“It Could Be Worse”

There’s nothing like spending a few hours in a hospital emergency room for putting things into the proper perspective.

My daughter woke up early the other Sunday morning with severe abdominal pain. It matched all the descriptions she found on the Internet of appendicitis, and it kept getting worse. That’s how we ended up spending much of Sunday afternoon and evening in the emergency room.

Given a choice, Sunday afternoon at 3:30 is probably a better time for an ER visit than, say, 11:30 on Saturday night. Even so, as we started across the sidewalk to the door, my daughter said, “Look out, Mom, don’t step there—that’s blood.”

Once we had checked in at the desk, we discovered the probable source of the blood. A gangly teenage boy holding a red-spattered towel to his forehead was describing to the admissions clerk how his skateboard had flipped out from under him.

Then two young women, obviously sisters, came in with a little boy of about three. The mother and aunt were upset; the little boy looked fearful and had obviously been crying. We heard his mother tell the nurse, “He stuck a rock up his nose, and we can’t get it out.”

Of course it wasn’t funny. Not really. Besides, laughing at traumatized toddlers is something one simply doesn’t do. But I couldn’t help murmuring to my daughter, “See? Things could always be worse; at least you don't have a rock up your nose,” and she started to giggle but had to stop because it made her belly hurt.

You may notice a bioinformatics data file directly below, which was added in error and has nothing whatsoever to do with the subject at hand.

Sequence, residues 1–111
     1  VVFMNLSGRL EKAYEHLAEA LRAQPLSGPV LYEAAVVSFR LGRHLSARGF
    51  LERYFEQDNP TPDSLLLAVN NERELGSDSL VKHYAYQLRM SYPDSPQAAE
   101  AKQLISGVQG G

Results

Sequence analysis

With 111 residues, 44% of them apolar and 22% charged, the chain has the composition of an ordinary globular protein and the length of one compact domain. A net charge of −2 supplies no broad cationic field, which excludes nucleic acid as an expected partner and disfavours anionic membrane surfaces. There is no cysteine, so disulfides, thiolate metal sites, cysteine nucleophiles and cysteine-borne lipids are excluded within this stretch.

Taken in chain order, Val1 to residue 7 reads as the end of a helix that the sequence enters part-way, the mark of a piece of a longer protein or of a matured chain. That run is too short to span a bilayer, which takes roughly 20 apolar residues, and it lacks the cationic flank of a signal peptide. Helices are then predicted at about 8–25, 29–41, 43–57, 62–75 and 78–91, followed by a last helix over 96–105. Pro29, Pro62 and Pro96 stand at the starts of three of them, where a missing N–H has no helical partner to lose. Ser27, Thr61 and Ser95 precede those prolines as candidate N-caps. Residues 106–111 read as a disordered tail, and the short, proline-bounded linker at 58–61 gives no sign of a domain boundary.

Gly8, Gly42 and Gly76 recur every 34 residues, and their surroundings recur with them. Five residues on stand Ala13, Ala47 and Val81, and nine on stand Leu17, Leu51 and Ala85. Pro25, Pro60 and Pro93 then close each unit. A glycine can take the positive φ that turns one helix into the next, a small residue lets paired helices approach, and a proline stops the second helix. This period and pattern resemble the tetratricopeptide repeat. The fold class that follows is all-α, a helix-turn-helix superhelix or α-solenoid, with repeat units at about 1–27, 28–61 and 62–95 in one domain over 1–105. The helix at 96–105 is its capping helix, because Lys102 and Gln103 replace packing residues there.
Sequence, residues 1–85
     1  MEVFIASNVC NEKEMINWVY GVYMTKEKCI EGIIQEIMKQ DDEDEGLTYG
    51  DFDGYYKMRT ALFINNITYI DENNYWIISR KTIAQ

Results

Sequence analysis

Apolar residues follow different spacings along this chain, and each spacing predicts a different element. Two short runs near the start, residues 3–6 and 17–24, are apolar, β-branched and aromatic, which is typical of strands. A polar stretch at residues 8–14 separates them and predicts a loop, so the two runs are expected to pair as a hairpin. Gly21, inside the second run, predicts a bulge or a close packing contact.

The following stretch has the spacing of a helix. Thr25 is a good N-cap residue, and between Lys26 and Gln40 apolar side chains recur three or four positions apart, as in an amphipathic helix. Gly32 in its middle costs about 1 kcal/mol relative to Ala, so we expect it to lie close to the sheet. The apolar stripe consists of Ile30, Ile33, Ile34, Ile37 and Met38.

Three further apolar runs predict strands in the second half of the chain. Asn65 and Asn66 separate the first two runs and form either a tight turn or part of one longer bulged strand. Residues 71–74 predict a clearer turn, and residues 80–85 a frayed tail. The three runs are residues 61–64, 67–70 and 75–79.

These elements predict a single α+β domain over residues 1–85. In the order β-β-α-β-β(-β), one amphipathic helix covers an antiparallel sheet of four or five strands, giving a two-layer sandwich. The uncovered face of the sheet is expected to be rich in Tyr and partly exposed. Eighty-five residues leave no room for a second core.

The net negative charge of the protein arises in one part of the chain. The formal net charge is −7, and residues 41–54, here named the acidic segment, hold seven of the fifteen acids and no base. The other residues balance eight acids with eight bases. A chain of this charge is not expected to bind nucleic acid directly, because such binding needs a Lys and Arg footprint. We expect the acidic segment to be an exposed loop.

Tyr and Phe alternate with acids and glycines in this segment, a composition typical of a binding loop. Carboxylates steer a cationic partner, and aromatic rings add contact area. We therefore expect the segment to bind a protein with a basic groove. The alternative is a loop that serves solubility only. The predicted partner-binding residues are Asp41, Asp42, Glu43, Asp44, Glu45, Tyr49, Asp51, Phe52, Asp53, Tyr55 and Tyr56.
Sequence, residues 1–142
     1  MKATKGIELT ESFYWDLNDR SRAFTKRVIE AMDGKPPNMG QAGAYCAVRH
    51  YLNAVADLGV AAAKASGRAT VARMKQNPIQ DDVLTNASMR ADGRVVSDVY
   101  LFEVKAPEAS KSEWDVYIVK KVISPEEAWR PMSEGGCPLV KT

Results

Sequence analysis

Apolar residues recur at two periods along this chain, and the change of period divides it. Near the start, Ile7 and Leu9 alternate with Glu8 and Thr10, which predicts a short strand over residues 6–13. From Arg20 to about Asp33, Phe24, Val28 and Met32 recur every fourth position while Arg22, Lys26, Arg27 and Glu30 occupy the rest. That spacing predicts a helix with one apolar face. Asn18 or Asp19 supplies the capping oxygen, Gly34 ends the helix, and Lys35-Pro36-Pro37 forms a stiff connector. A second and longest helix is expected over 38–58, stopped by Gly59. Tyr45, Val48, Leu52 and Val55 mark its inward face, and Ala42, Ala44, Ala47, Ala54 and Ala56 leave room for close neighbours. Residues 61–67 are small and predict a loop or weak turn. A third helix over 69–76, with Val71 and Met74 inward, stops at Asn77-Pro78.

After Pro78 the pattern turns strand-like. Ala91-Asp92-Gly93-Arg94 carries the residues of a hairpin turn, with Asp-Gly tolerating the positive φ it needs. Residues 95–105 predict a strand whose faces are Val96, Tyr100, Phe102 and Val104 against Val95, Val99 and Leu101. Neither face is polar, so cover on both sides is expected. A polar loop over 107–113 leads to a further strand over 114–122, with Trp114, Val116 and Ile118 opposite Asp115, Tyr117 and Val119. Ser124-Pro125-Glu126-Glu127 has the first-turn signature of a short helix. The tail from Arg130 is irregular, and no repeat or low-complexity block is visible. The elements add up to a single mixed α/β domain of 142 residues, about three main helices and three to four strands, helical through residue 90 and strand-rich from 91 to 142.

Just as everyone ahead of us had been taken inside and my daughter’s turn was coming up, in through the front door came an elderly man in a cowboy hat, supported by his wife and a younger woman who was probably their daughter. My daughter told me, “I won’t be going next after all; that looks like a heart attack.”

And indeed, at the magic words, “chest pain,” the need for preliminary paperwork instantly vanished, and he was in a wheelchair and through the double doors. We didn’t mind waiting a bit longer, either. We’re still grateful that my father—another elderly man in a cowboy hat—received the same kind of life-saving attention for his heart attack a few years ago.

Then it was my daughter’s turn, and we spent the next three hours in a chilly examining room where she was poked, was prodded, had blood drawn and an IV started, did not throw up, and ultimately found out that her temperature and white blood count were both normal.

Along the way, we also learned what to do for a small child with small objects in his nose—cover the unoccupied nostril and blow into the other one to make him sneeze. The nurse who told us this had personal as well as professional experience. “Oh, yeah,” she said, “My son did that all the time. Rocks, bead, sunflower seeds—you name it, it went up his nose.”

Eventually, the doctor told us the test results were inconclusive. This didn’t mean she did not have appendicitis. But even if it was her appendix, it wasn’t going to do anything dramatic like burst in the next couple of days. Surgery was not immediately called for. He recommended going home and waiting. If she got worse, she should come back.

That was reassuring—sort of. Until, as we were leaving, the doctor passed us in the hall and said cheerfully, “See you in 24 hours.”

She got worse. She went back. Twenty-four hours later, she had traded her appendix for three little incisions. They’re the most expensive body piercings she has ever had.

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